Uncovering the Secrets: 5 Lesser-Known Aspects of Traditional Glass Neon Signs

Everyone loves neon signs for many reasons, but few know the way they operate. There’s a whole lot more to the creation of an neon sign, beyond the glass, ranging from how the electrodes at each end are filled with argon or neon gas to how sign makers make use of blowtorches to warm the glass tubes, then bend the tubes and securing them in colorful designs. We’ve reviewed our knowledge to make the process interesting and entertaining. These are the most important five facts.

1. Neon is French

Georges Claude, a French engineer who invented neon lighting in 1902. He was the founder of an air liquefaction company and was the first to efficiently pass an electrical current through the neon gas inside sealed tubes, causing the chain reaction of orange-red lights to show up. Following some adjustments and scientific developments the neon discharge tubes were made widely available to the public.

2. Neon Signs are 100% Handmade

Most of the time, everything you see on a neon sign is handmade. In reality, it takes a great deal of precision, experience and eye-hand coordination to ensure that the glass tubes bend in accordance with the pattern. Otherwise, the glass itself can crack and break. While neon signs are different in shape and color however, the process of making their appearance has remained same since the start of its development.

3. Neon Lights Can Cut Through Fog

Fog should be avoided if possible, but what about the time you are in the airport? The neon signs can be utilized to promote or entertain but they are effective in fog. Indeed neon lights are frequently used in airports to ensure the safety of aircrafts and keep dangerous areas well-lit. Even though you don’t need the lights to direct you, neon signs are a valuable asset if you ever are in a situation where you are thousands of feet high in the air.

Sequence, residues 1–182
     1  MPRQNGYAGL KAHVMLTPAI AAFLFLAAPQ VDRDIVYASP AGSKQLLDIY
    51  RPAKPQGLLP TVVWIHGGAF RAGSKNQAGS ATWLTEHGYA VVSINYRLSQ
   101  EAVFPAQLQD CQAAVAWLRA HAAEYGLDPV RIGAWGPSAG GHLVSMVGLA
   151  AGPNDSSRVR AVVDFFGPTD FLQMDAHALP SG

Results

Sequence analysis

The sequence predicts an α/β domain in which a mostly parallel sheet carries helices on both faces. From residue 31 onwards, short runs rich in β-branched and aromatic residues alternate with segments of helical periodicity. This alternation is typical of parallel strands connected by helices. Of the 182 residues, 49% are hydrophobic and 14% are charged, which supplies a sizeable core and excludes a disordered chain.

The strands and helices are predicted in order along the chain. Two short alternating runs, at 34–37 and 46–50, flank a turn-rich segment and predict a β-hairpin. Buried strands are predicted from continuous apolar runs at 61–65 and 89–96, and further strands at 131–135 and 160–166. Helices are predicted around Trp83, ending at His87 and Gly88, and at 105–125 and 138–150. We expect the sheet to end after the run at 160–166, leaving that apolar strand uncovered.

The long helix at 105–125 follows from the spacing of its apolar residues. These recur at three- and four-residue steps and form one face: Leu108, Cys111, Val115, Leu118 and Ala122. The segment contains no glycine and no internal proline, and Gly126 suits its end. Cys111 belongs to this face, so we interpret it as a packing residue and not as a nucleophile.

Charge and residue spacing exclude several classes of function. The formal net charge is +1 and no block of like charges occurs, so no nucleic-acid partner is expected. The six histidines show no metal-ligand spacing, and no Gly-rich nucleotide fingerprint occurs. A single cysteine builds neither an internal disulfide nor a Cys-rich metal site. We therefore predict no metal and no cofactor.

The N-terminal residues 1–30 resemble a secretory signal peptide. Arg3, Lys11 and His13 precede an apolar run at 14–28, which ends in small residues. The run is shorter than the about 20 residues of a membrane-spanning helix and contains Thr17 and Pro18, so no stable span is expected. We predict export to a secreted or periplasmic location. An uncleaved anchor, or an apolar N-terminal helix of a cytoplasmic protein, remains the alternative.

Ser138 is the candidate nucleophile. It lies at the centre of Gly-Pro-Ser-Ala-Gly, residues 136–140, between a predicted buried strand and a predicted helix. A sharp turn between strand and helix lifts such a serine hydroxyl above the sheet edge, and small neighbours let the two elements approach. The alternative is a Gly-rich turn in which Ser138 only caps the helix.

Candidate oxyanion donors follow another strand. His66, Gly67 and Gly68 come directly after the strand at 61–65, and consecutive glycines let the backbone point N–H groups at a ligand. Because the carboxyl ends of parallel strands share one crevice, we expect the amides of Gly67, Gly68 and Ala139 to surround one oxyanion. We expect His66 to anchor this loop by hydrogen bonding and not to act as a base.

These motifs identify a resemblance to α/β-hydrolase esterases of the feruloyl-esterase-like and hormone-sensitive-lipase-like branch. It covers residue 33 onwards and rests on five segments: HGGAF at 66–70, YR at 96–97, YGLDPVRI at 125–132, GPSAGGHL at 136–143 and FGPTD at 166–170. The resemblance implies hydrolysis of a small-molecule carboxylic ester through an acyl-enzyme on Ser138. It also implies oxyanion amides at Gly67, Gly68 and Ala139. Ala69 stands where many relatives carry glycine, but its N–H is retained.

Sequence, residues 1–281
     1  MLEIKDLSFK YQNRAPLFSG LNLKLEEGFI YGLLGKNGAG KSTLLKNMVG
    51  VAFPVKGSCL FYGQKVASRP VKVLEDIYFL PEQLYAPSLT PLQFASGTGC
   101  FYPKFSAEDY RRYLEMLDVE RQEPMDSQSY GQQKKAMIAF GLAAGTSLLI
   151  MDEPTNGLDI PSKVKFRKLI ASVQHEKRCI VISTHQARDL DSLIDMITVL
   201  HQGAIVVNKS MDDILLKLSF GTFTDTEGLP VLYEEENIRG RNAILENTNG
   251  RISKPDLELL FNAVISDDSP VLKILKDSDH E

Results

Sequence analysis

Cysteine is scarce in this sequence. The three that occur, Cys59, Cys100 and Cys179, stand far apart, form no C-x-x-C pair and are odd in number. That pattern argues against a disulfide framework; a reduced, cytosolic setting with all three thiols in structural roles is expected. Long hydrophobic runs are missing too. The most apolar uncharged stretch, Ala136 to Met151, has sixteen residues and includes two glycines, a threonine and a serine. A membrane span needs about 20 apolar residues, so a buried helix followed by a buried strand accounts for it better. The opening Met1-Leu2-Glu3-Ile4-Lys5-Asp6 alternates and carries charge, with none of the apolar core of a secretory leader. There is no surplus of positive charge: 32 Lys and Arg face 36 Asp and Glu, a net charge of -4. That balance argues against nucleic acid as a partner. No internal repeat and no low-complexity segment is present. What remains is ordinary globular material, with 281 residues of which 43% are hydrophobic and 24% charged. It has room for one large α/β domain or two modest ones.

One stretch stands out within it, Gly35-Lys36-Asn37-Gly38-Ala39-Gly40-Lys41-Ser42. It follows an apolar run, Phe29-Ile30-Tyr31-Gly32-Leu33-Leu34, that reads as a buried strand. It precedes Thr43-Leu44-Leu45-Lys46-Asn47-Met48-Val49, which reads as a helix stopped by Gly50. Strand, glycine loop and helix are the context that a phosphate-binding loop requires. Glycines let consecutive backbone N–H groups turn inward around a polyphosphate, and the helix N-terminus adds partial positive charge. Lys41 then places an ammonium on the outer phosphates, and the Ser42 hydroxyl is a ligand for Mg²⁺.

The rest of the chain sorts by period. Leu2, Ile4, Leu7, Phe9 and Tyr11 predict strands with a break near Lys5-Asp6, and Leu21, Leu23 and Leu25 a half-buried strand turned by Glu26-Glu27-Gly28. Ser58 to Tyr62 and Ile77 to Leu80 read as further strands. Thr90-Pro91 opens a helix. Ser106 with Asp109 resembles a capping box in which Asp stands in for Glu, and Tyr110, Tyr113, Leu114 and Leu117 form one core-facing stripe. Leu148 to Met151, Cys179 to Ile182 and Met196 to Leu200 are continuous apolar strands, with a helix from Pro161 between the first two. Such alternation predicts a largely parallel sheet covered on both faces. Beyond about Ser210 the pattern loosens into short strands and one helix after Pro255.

4. Neon Signs are Sculpted

Every neon sign starts out as straight lines. The process is made more vivid through the intense heat generated by the four-foot long neon tubes. The neon sign maker uses the exact sequence of motions and a keen ability to gauge the timing of every section of the glass tube. Because neon signmaking is about experimentation and experimentation, you can try creating something original and distinctive.

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5. Neon Signs are Bright

A majority of neon signs can be easy to spot at night and even in the daytime. This is due to an energy transfer process that takes place during the production. Similar to bowling, electrons are knocked out of orbit through electrical currents. The electrons collide with free electrons, releasing them back toward the atoms. The photons are produced when the electrons are absorbed by the atom.

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